Part of my work life now includes translating documents and information into plain language for people with intellectual disabilities. The fact that this is now being done is a testament to thousands upon thousands of parents over many, many years who fought for the right to a real education with real outcomes for their kids. I have been witness to this over my years in doing training for people with intellectual disabilities. At one time, maybe 20 years ago, most of the people who came to my workshops were not able to read. Now, many, and very nearly most, can.
We see accessibility in too narrow a way. We see it as getting access to places. We tend not to think about it as getting access to information. A convoluted sentence with words like 'convoluted' in them can be just as much a barrier as an uncut curb. So, now, we are at the stage of making sure that information is presented in an accessible manner, like we are ramping language.
I had to do this yesterday. I had several pages of information that needed to be translated into plain language. The first thing I noticed was that the information wanted and needed was buried under all sorts of words. Words piled on words piled on words. One sentence was five lines long consisting of 60 words. That's a long sentence. I found myself working to follow it and understand the major message it was conveying only to realize it was just saying, 'Here's what we found.'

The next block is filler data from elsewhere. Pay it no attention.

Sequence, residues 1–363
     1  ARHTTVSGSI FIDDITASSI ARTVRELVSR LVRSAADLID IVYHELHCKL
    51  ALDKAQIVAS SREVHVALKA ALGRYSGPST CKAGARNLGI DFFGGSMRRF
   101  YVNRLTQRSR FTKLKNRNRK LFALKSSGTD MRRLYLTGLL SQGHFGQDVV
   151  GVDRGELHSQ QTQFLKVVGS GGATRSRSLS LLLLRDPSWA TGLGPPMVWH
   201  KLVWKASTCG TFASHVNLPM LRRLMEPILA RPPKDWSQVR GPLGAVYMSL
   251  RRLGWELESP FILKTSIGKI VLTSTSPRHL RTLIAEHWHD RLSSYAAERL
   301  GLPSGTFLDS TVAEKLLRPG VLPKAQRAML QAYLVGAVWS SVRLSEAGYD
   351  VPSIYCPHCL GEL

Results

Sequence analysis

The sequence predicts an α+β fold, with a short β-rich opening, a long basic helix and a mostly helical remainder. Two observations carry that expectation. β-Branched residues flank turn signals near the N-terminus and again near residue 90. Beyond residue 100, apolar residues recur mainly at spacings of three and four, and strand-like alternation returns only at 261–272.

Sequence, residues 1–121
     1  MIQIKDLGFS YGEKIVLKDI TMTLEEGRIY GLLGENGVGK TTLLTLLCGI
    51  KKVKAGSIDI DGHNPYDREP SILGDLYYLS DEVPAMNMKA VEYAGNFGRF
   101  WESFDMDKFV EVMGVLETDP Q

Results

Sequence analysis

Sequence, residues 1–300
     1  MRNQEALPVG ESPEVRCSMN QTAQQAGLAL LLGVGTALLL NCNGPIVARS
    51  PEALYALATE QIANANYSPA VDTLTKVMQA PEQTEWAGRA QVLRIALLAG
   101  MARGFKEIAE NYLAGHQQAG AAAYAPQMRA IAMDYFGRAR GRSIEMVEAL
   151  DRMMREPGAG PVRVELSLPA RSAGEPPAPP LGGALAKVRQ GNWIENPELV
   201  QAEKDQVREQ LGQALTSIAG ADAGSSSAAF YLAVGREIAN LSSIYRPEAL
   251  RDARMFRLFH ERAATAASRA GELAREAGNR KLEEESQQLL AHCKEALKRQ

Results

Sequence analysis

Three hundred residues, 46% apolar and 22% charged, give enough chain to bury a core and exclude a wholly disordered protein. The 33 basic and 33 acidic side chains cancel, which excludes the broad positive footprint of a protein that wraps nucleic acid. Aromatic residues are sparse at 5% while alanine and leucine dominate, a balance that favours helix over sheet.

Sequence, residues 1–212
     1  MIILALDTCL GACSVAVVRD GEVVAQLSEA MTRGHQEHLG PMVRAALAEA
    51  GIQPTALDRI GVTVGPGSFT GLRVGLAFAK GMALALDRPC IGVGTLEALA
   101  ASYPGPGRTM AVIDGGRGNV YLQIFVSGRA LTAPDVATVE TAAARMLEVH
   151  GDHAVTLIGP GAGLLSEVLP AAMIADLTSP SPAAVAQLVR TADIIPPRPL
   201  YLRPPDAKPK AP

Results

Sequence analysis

So, I set about the work. I admit to enjoying doing this a lot. It's like a word game for me and I approach it that way. I was totally engrossed by the work.
When done the first draft, I did a read of the original a read of the translation to make sure that no important points were left out, and to ensure, of course, that what I deemed to be extraneous was indeed extraneous. One more go through on the text and it was done.
Reading the plain language text, for me, was such a pleasure. I found myself taking in meaning more easily and really understanding the intent of the original text and the point of the work it represented. I'm willing to bet that if you were given a choice of reading one or the other, you'd probably go with the plain language one.
This is the radical next step.
People with disabilities have learned to read.
Now we have to learn how to write.